Ante-Nicene Fathers/Volume V/Hippolytus/The Refutation of All Heresies/Book VII/Part 9

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Ante-Nicene Fathers Vol. V, Hippolytus, The Refutation of All Heresies, Book VII by Hippolytus, translated by John Henry MacMahon
Part 9

Chapter VIII.—Basilides and Isidorus Allege Apostolic Sanction for Their Systems; They Really Follow Aristotle.

Basilides, therefore, and Isidorus, the true son and disciple of Basilides, say that Matthias[1] communicated to them secret discourses, which, I being specially instructed, he heard from the Saviour.  Let us, then, see how clearly Basilides, simultaneously with Isidorus, and the entire band of these (heretics), not only absolutely belies Matthias, but even the Saviour Himself. (Time) was, says (Basilides), when there was nothing. Not even, however, did that nothing constitute anything of existent things; but, to express myself undisguisedly and candidly, and without any quibbling, it is altogether nothing. But when, he says, I employ the expression “was,” I do not say that it was; but (I speak in this way) in order to signify the meaning of what I wish to elucidate. I affirm then, he says, that it was “altogether nothing.” For, he says, that is not absolutely ineffable which is named (so),—although undoubtedly we call this ineffable,—but that which is “non-ineffable.”  For that which is “non-ineffable” is not denominated ineffable, but is, he says, above every name that is named. For, he says, by no means for the world are these names sufficient, but so manifold are its divisions that there is a deficiency (of names).  And I do not take it upon myself to discover, he says, proper denominations for all things. Undoubtedly, however, one ought mentally, not by means of names, to conceive, after an ineffable manner, the peculiarities (of things) denominated. For an equivocal terminology, (when employed by teachers,) has created for their pupils confusion and a source of error concerning objects.  (The Basilidians), in the first instance, laying hold on this borrowed and furtively derived tenet from the Peripatetic (sage), play upon the folly of those who herd together with them. For Aristotle, born many generations before Basilides, first lays down a system in The Categories concerning homonymous words. And these heretics bring this (system) to light as if it were peculiarly their own, and as if it were some novel (doctrine), and some secret disclosure from the discourses of Matthias.[2]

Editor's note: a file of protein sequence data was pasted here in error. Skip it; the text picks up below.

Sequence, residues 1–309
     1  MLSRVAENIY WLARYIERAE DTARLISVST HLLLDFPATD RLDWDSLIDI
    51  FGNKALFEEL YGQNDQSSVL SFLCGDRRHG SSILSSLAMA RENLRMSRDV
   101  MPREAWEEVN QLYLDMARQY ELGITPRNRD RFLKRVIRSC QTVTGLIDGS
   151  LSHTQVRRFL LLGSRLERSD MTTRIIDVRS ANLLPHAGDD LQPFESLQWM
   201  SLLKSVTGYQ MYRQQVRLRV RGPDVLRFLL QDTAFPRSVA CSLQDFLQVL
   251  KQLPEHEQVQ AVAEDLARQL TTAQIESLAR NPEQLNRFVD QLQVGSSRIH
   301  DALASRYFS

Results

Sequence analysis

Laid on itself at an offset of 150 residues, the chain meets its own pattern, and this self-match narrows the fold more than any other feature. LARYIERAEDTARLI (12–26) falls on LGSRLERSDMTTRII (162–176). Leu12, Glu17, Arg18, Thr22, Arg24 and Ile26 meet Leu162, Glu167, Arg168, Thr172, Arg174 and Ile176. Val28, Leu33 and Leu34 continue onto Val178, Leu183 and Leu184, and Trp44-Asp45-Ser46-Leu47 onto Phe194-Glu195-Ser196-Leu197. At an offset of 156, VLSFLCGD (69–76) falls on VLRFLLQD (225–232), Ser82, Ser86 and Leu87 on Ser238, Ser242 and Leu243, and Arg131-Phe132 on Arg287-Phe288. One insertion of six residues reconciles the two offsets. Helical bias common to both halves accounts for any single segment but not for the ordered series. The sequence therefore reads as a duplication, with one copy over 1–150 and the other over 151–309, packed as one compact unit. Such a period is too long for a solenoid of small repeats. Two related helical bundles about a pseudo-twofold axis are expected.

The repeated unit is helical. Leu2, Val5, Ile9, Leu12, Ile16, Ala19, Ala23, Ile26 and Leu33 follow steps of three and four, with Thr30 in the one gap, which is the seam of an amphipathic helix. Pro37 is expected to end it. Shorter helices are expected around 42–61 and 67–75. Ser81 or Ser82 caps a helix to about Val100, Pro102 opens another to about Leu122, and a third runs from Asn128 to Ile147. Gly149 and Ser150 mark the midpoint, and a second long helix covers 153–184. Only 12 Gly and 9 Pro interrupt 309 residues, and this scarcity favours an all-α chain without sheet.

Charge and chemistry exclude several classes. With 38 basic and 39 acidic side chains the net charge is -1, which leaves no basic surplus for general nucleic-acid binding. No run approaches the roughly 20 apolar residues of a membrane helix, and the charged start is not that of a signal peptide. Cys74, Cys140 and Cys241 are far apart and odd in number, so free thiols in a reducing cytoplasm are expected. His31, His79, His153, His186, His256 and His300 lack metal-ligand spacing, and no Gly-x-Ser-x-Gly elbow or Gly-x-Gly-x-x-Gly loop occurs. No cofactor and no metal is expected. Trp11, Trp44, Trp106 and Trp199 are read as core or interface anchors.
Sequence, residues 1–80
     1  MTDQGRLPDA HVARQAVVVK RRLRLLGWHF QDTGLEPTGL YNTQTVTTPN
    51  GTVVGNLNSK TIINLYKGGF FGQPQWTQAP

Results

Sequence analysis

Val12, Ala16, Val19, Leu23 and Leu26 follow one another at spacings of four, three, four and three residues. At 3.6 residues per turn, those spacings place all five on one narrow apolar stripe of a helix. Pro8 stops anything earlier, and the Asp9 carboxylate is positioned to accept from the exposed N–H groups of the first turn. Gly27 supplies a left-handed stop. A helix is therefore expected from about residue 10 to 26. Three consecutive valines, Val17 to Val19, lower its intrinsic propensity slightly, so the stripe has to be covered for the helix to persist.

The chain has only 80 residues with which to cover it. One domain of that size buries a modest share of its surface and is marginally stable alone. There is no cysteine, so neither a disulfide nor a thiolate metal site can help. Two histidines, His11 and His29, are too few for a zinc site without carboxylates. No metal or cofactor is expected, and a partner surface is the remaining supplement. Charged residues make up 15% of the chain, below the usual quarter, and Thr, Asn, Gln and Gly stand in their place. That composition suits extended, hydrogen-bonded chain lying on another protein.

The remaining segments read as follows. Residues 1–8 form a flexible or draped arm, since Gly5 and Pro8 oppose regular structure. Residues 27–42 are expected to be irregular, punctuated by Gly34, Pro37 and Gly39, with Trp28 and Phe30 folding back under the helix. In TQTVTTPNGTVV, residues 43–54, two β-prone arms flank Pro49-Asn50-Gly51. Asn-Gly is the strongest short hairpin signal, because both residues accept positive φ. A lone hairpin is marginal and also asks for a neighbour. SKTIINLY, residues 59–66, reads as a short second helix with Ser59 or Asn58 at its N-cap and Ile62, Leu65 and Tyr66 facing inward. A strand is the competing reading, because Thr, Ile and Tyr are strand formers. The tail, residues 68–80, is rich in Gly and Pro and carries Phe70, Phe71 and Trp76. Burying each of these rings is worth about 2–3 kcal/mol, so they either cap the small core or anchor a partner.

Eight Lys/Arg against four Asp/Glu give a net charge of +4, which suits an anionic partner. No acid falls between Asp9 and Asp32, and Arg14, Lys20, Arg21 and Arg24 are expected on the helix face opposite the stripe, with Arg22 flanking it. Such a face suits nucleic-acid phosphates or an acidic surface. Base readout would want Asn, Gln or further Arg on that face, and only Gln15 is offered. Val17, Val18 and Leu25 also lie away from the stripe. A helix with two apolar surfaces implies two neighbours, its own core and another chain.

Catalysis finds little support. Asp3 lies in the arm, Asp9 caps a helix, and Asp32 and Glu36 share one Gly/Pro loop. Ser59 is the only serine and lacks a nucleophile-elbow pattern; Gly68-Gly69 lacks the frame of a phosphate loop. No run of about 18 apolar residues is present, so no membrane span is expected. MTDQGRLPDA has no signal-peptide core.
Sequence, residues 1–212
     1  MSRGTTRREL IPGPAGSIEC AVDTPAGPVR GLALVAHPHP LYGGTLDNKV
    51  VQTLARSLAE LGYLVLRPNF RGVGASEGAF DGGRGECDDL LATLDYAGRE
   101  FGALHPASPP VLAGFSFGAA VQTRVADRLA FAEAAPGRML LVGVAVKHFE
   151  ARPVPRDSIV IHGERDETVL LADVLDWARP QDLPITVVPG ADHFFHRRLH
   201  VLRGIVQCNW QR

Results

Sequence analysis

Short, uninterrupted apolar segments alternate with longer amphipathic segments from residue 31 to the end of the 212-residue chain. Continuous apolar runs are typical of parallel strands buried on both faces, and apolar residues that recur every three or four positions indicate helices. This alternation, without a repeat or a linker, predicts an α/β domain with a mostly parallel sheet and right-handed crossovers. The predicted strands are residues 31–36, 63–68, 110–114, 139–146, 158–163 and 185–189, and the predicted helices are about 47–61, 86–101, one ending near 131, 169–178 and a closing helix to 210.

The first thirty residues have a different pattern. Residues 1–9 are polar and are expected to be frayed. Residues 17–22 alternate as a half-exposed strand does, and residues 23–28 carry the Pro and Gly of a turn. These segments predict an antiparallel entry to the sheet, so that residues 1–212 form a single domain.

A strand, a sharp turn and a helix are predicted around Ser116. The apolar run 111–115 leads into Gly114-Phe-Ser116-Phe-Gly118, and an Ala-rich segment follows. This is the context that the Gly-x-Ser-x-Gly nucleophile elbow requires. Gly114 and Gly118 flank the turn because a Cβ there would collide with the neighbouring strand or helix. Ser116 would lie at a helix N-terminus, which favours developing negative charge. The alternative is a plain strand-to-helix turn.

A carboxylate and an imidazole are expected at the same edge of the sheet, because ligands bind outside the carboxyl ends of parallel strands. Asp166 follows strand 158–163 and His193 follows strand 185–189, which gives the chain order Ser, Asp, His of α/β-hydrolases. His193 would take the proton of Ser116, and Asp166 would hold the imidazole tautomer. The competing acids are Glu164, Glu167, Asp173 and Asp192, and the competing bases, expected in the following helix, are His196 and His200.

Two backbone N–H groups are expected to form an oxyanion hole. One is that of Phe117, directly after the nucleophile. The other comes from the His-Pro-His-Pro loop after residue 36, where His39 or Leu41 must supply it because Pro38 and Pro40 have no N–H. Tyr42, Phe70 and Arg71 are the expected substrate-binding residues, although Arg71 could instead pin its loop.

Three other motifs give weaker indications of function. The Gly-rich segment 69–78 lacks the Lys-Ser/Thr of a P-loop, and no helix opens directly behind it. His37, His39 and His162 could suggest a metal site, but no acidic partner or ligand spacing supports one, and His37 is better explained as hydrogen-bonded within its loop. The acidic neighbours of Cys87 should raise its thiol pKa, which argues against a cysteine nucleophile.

Footnotes[edit]

  1. Miller erroneously reads “Matthew.”
  2. (See Bunsen, i. v. 86. A fabulous reference may convey a truth.  This implies that Matthias was supposed to have preached and left results of his teachings.]